Without doubt again, the greatest policy change that affect both the taxi commuters and drivers this year has been the recent taxi fare hike. The last fare revision was 4 years ago. Nobody like price increases in any aspect but in a capitalist economy, price increases is inevitable. With the fare hike, my income has gone up by about $20 per 12 hours shift or about $1.50 per hour. This small additional income helps me to defray the increased cost of fuel that I've been paying for the last 4 years. In 2007, I paid 85 cents for a litre of fuel, now I pay $1.22cents a litre, an increase of about 30 percent. I think the recent fare hike is fair from a taxi driver point of view. The sad side of the fare hike is that taxi ridership had gone down quite a bit. Before the fare hike, most taxi stands in the city were packed with taxi commuters. Now, its the reverse. Empty taxies with few takers lined the all taxi stands. I hope in the coming new year, taxi commuters will get used to the new fare structure and come back to take taxi again and soon. If not, I might have to look for another job. Maybe I'll become a security guard. In Singapore, this is the only kind of job available for old man like me. Sigh!
Generally speaking, there are many things I love about being a cabby -- primarily the people and the adventure, the unpredictability of each shift, and the endlessly fun game of discovering unusual places in Singapore -- places I would never visit on my own. And also, starring in envy and admiration at those beautiful bungalows in exclusive private estates after off-loading my passengers there. But there are also a few things I could never come to terms with as a taxi driver, like traffic and accidents and all the abuses and assaults that is so regularly heaped on Singapore's cabbies. We, taxi drivers are easy prey to robbers, drunkards and fare cheats. Also in the eyes of the public, taxi drivers are at the lowest step of the social status ladders, to be bossed around and treated with contempt. Taxi drivers in every countries face similar hardships and problems. It has always being this way since the invent of automobile and will not change any time soon. In Singapore, the only possible change I envisage is the natural replacement of the older sixties and seventies taxi uncles with younger and better educated drivers. Hopefully, this would improve taxi services in general and public perspective of taxi drivers in particular.
In 2011, I met a great varieties of people and had countless adventures. Most are nothing to write about. I also experience the happiest and saddest moments in the course of my work in the last 365 days. I think I should mention these two contrasting emotions here. First, I was extremely delighted when my letter to the press was published. In it, I highlighted the plights of taxi drivers and debunked the wrong impression that driving a cab is a lucrative job. It was my first and only letter I ever written to the press. It gave me great pleasure to be able to say something in a national paper on behalf of my fellow taxi comrades.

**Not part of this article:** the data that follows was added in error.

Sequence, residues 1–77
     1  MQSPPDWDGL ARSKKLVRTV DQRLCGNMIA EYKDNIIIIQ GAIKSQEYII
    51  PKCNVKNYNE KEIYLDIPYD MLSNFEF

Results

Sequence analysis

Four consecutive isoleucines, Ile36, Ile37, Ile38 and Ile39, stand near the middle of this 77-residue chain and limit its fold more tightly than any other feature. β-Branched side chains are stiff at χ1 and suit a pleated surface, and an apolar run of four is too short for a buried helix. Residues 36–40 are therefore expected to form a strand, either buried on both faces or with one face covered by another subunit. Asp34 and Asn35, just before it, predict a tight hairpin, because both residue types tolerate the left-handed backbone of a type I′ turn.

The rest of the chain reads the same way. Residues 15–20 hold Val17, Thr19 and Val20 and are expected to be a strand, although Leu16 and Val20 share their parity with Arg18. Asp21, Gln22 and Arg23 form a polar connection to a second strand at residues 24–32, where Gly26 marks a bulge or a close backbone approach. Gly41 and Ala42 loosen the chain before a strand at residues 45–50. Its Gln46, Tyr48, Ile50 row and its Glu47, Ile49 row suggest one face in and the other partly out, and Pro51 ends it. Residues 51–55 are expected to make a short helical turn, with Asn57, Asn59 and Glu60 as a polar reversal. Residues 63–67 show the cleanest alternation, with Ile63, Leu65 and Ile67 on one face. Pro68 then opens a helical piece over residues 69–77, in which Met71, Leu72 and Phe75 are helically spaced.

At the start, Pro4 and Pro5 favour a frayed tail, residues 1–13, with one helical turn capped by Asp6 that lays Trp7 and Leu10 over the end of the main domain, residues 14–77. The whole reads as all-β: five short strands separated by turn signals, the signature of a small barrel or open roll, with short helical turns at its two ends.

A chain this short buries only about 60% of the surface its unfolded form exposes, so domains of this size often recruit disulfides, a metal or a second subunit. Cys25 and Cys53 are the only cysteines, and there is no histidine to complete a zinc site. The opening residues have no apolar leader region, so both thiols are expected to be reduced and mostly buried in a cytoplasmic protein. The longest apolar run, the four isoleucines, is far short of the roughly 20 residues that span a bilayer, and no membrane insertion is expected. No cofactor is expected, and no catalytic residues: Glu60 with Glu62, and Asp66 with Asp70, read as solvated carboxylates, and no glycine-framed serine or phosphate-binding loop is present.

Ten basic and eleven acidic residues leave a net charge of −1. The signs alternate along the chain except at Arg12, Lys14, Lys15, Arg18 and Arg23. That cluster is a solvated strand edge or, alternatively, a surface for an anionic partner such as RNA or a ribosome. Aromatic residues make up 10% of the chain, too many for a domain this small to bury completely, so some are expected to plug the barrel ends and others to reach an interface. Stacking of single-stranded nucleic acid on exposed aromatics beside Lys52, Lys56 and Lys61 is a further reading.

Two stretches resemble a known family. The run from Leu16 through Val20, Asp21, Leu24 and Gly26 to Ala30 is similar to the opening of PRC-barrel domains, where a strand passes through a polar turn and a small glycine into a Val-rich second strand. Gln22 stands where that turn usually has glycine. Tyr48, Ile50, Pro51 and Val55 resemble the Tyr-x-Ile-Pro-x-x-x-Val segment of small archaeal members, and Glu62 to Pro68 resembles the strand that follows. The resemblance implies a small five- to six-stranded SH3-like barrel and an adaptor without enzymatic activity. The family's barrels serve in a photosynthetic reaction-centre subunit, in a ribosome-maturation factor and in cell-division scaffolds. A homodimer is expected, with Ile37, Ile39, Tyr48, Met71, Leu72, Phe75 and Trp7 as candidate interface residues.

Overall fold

Now, the saddest moment happen just two days ago. It has nothing to do with grieving of death, heartache of broken relationship or nightmare of financial disaster. It could be considered a trivial matter. It concerns the court case of the TV host and actress, Quan Yifeng. Most Singaporean know how she got into trouble with the law. For the benefit of my overseas readers, let me briefly say that she had an altercation with a taxi driver last year. She was charged in court not for a criminal offence but for mischief only. With her wealth, celebrity status, and an influential lawyer, who came out with a strong mitigation plea, she was acquitted and placed on probation. She got this lenient sentence because in Singapore we have two sets of laws - one for the rich and the other for the poor. A poor man is sentenced to 2 years in jail for stealing $2 to buy food, while Mdm Quan, who injured the taxi driver and damaged his taxi got only a probation. She used her wealth to "buy" herself out of trouble with the law. This is not fair and it makes me very sad that it happens in Singapore. Justice must not only be seem but done in open court.
The impression I got from reading the thousands of comments in Yahoo's forum on this case, is that justice in Singapore is perverted with double standard favouring the rich and powerful. The last thing I want in Singapore is a "kangaroo" court. The case of Quan Yifeng seem to points to that direction and is a clear travesty of justice. I've no confidence in the judiciary of Singapore and this is my saddest realisation in 2011.
When I listened to this video and watched the background scenery my soul grew weary and disappointed with humankind. We have failed to be good stewards of the world we were entrusted to look after. In our greed and selfishness we have polluted our earth that in another generation or two it may just become unlivable. It will be a powerful rendition of the traditional Auld Lang Syne that make you want to stay in the old year. Listen and enjoy.
About your sadness and anger about the actress' light sentence - justice will prevail, she will get her comeuppance, may not be swift but it will surely come, you may not see her get her just dessert. After all, sow an action, reap a habit, sow a habit, reap a character, sow a character and reap destiny. Have faith.
I love your comments. Keep it coming!
Thanks and wishing you a Happy New Year.
peace, taxi uncle
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